The Damage by Caitlin Wahrer is what one of her editors called a “moral thriller”. Think of Little Fires Everywhere meets Defending Jacob. Set in small-town Maine, the lives of Tony and Julia are changed when Nick, Tony’s younger brother, is sexually assaulted. As a case builds, each of the characters are faced with their moral compass that leads to making monumental decisions.
I spoke with Caitlin Wahrer in a wide-ranging and lovely conversation including her writing process, how her work as a defense attorney shaped her work, and how “The Bachelorette” played a role in the power bond for her female friendships.
Caitlin Wahrer (CW): My definition of feminism may be over simple but the belief that all genders are equal and action to that end and not just believing in it. To believe it is true and acting with the goal to be the way that systems actually treat people.
Ashley: Congratulations on your debut thriller The Damage! Tell us what the book is about and what was your process writing it.
CW: I should be good at this answer but I continue to be awful at describing. But I would say that The Damage is equal parts crime story, family drama, and one of my editors called it a moral thriller and I really liked that. Ultimately, it’s a story about a husband, a wife, the husband’s younger brother, and the family as a whole and what happens to them when the younger brother is sexually assaulted. And there’s a detective character who is first investigating that crime, but ultimately becomes involved with the family as other things happen in the wake of the crime. And the story is also spanning a conversation between the main character, the wife, Julia, and the detective that’s happening a few years into the future after the crime has happened.
Ashley: What made you decide to have a man at the center of a sexual assault case?
CW: I just had this kind of simple idea for, what would it be like if you were married to someone who was like a really wonderful partner and everything that you wanted. And because of something that happened, they started to kind of devolve, and stop being the kind of good person you’ve had been used to them being maybe they were really angry and feeling vengeful about something. And so I had this idea for what if something happens to a younger sibling of the husband, and it’s making an impact on the marriage between the wife and the husband. And then I thought, well, if I’m going to write a younger sibling, and then being a victim of a crime, I just really don’t want to write a female. And I decided to write about sexual assault, without even really thinking through how much that was going to maybe interest people, or even just be unique that it was going to be a male sexual assault victim until I had kind of started really writing it. And I realized this is going to change parts of the narrative because he’s male, and parts of it are going to be the same as any other person who was assaulted.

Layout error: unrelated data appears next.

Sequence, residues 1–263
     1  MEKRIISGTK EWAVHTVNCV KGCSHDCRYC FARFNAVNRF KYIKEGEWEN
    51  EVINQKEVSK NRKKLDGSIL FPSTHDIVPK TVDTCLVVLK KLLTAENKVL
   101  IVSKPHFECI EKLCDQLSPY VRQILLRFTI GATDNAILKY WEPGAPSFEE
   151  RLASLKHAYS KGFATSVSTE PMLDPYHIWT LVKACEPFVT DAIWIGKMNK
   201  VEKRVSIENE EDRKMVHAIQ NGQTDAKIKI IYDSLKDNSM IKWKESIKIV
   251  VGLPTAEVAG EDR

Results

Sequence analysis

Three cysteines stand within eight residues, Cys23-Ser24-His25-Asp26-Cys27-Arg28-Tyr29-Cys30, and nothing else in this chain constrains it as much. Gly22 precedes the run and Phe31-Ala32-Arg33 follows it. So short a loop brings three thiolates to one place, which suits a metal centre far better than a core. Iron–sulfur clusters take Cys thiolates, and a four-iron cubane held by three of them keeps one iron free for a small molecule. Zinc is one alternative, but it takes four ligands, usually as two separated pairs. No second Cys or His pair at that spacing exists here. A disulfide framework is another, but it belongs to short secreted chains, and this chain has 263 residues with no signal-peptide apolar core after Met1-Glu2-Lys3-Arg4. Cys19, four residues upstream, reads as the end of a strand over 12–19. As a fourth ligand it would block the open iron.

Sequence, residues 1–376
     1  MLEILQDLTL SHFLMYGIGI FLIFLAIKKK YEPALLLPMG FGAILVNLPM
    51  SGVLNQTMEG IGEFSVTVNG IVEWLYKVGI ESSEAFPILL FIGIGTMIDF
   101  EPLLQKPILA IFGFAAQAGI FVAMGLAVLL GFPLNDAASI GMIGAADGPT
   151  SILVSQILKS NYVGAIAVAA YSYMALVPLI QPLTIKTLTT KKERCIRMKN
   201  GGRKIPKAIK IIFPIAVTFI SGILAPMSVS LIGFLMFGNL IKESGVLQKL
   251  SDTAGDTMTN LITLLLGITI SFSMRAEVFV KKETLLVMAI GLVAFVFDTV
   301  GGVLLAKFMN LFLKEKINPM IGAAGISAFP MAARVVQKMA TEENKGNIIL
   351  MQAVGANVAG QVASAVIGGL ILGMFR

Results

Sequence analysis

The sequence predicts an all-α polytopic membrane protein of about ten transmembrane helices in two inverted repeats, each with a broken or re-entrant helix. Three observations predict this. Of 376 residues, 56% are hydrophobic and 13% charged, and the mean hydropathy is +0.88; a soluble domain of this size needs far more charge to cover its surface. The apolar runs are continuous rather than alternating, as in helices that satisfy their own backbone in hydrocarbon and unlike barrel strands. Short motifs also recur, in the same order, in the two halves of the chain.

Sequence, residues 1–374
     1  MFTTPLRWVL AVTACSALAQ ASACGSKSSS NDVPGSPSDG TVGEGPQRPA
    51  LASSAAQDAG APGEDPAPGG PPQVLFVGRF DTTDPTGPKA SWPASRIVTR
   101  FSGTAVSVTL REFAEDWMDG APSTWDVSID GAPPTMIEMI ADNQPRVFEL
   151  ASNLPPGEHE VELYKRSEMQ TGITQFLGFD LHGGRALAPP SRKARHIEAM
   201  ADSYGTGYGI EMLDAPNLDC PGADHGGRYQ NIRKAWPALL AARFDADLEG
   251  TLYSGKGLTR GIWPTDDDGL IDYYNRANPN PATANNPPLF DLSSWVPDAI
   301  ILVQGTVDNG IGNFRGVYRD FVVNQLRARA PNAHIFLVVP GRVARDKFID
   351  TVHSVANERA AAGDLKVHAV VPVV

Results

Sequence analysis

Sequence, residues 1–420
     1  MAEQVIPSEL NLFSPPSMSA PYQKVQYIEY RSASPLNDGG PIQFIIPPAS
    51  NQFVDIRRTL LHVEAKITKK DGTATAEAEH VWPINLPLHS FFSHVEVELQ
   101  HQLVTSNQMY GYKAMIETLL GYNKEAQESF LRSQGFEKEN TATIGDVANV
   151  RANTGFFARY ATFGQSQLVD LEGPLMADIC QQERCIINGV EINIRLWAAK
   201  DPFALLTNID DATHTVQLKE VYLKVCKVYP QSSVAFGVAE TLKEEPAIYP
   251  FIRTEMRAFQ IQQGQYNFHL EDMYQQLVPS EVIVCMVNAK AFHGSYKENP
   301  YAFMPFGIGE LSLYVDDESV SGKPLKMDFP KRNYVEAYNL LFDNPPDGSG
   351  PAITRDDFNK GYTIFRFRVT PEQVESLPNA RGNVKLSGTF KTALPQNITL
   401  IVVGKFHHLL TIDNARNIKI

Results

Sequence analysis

Ashley: What do you want readers to know about Julia aside from her being a wife, a mother, sister, friend, and attorney?
CW: I think what I was trying to do wiith Julia was explore this idea where she feels that she’s a really good person and has like a kind of straightforwardness. She may be not as good as she acts like she is at the beginning of the book. And someone pointed this out really recently, and I loved that he pulled it. He was someone on Instagram who did like a little snap review of it. And he pulled a line at the end. That was it’s easy to be good when things are good. I liked the idea that maybe she was never as great as she thought she was. And it was just that this is the time that she realizes what she’s actually willing to let happen.